The Ecological Economics of Consumption

The Ecological Economics of Consumption

Current Issues in Ecological Economics series

Edited by Lucia A. Reisch and Inge Røpke

Research on consumption from an environmental perspective has exploded since the late 1990s. This important new volume cuts across disciplines to present the latest research in the field.

Chapter 5: Beyond insatiability – needs theory, consumption and sustainability

Tim Jackson, Wanger Jager and Sigrid Stagl

Subjects: environment, ecological economics, social policy and sociology, sociology and sociological theory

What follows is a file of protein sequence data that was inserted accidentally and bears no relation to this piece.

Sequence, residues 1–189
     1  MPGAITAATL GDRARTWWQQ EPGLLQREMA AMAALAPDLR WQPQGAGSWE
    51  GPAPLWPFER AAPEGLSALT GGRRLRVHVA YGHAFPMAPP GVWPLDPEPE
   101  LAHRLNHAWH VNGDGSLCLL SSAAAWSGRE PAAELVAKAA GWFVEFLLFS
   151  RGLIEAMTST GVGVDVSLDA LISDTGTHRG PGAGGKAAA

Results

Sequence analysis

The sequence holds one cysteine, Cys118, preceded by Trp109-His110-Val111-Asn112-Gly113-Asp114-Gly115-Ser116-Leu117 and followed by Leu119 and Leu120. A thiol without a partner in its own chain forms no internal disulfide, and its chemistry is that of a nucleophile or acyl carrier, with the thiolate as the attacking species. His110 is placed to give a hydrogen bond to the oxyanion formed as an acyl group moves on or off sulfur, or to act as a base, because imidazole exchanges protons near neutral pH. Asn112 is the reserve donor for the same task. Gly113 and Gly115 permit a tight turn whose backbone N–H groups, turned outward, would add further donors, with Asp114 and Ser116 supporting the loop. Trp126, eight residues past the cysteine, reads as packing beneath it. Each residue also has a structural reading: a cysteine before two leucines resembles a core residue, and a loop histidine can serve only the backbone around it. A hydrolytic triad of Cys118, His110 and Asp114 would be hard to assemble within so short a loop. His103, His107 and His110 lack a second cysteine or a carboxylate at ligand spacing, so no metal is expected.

Tim Jackson, Wander Jager and Sigrid Stagl 5.1 THE DISCOURSE ON HUMAN NEEDS Ever since the Brundtland Report, the language of human needs has been etched deeply into the conceptual framework of sustainable development (WCED 1987).1 For even longer than that, the concept of ‘needs’ has played an important role in our understanding of consumer behaviour and has been a key input to the disciplines of economic psychology, consumer research and marketing (Kassarjian and Robertson 1968). Philosophers from Plato onwards have discussed the relevance of human needs to conceptions of the ‘good life’ and the role of governance (Haines 1985). More recently, the concept of needs has provided the foundation for an extended ecological and social critique of conventional development (Max-Neef 1991). In spite of these various manifestations, the discourse on human needs remains a fiercely contested one (Douglas et al. 1998). Some argue that human needs can provide an organizing framework within which to articulate themes about development, progress, quality of life and human happiness. Others point to the failures of development strategies grounded on the idea of ‘basic needs’ and suggest the need for alternative conceptualizations based on ‘capabilities’ and ‘functionings’. Others again insist that needs are an irrelevant distraction from the pursuit of development and that conventional economic concepts of revealed preference and rational choice are more reliable instruments for understanding consumption and for negotiating sustainability. One of the aims of this chapter is to provide a review of these different discourses. In particular, the chapter...

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